As a programming reminder, wins are followed by GIF Dumps and losses are followed by these. Only winners get GIFs…
I spend an inordinate amount of time following this football team and the dialogue around it. Nobody wanted the team to hire Adam Gase when he was a Head Coach candidate and nobody was happy when the decision was initially made. The reason for this is because he struggled the past two years in Miami on and off the field. He was an offensive guru with one of the worst offenses in the league and a short tempered personality entering a highly visible media market. You are who you are to a certain point and usually a NFL Head Coach does not drastically improve in their second stop, particularly if they are not given a few years out of the role to reassess where they were making previous mistakes.
The Jets have ignored the offensive line for years. They sat out the center market in free agency and instead had to resort to a summer band aid fix with Ryan Kalil. They have not drafted an offensive lineman in the first two rounds since Vlad Ducasse in 2010.
The Jets ignored cornerback this offseason. Their answer was running it back with a year older Trumaine Johnson, returning from an injury plagued season and to promote a previous third stringer to starter in Daryl Roberts. They ignored the position in the NFL Draft (not counting Blessaun Austin, who is on IR). The Jets ignored edge rusher this offseason, wasting time in a failed chase of Anthony Barr with plans of changing his position. The organization decided unlike the rest of the league, cornerback and pass rusher weren’t essential to their defense.
Coming into the season, it was apparent all the above positions would struggle. Yet, the excitement of a new year and a summer full of One Jets Drive episodes, gushing stories of Gase staying up 23 hours per day mainlining football and Gregg Williams saying he will curse a pass rush out of thin air will convince a fan to think these problems may not be that bad.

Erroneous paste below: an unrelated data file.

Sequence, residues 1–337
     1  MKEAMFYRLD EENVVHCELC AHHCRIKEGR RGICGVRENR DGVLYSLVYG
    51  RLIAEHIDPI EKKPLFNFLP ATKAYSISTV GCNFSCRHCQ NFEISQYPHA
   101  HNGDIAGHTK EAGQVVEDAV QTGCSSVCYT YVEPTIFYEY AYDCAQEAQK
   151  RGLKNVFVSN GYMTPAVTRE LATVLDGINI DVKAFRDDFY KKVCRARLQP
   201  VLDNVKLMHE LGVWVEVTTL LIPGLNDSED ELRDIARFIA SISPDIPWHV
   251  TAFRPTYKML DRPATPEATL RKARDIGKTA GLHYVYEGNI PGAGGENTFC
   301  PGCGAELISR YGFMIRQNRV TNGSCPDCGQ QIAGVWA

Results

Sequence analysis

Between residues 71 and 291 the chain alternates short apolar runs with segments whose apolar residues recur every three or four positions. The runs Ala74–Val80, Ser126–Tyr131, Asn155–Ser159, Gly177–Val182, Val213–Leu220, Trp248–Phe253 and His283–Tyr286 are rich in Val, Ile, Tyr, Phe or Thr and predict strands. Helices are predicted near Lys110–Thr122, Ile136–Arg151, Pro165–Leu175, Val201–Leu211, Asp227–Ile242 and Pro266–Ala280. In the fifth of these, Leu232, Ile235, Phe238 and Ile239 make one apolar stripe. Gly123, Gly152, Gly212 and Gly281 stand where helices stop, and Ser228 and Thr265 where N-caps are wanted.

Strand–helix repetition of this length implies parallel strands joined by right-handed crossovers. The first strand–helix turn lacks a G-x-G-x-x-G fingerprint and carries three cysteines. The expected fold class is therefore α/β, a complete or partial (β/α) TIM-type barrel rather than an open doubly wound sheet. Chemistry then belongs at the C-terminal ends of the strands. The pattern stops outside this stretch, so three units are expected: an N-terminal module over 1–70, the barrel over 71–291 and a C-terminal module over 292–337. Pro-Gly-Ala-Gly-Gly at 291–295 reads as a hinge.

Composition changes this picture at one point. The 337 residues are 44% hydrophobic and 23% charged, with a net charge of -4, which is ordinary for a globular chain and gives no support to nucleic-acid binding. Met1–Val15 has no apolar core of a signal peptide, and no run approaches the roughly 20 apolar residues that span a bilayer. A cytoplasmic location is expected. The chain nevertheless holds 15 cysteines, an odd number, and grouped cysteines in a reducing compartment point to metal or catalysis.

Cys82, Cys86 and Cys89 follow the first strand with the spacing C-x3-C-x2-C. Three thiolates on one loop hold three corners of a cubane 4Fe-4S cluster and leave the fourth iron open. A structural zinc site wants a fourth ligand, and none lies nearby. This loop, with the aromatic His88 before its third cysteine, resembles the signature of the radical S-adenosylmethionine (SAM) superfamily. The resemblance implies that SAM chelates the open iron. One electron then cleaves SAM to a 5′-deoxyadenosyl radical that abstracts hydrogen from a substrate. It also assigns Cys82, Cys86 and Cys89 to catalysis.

Only when the reality of a game plays out do the rationalizations disappear. The conservative, slow and unimaginative offensive game plan followed by an ornery press conference from Gase happened. The cornerbacks struggled to stay with an average passing offense, at best. The pass rush disappeared when it counted. Not having a kicker turned out to be the problem we all knew it would be. More alarmingly, Sam Darnold did not look like the quarterback we saw against Houston and Green Bay last year. His foot work looked shaky, he played it safe and he was inaccurate when attacking down the field. Everybody’s favorite receiver, Robby Anderson, still looked the part of the inconsistent player he has been in recent seasons. The guy who has three straight games under 30 yards but then explodes for back to back 100 yard efforts before going away for about a month again.
The Jets put themselves into an unnecessary hole…pissing away the benefits of four Josh Allen turnovers that Tom Brady, Dak Prescott and Carson Wentz won’t be handing them. Adam Gase likes to talk about “nut crunch” time, well nut crunch tine has arrived in week 2 at home for the Jets against an equally desperate but superiorly talented Cleveland Browns team. You cannot start the season with two home losses and you cannot take a 0-2 record in New England and Philadelphia where you will be a touchdown underdog (at least) in both games. 0-4 and 0-6 devolving into chaos and a quickly lost season is alarmingly close.
Fortunately, things can change fast in the NFL. Cleveland is talented but remain eminently beatable and if Darnold is going to be “the guy,” that all fans desire him to be, he can put together the kind of performance (hopefully supported by a better game plan) that allows the Jets to knock off Baker Mayfield. The Jets won’t win this game with 16 points and one offensive touchdown but if their offense plays to preseason expectations, and they “steal” a win, the taste of an ugly opening game loss will be quickly washed away.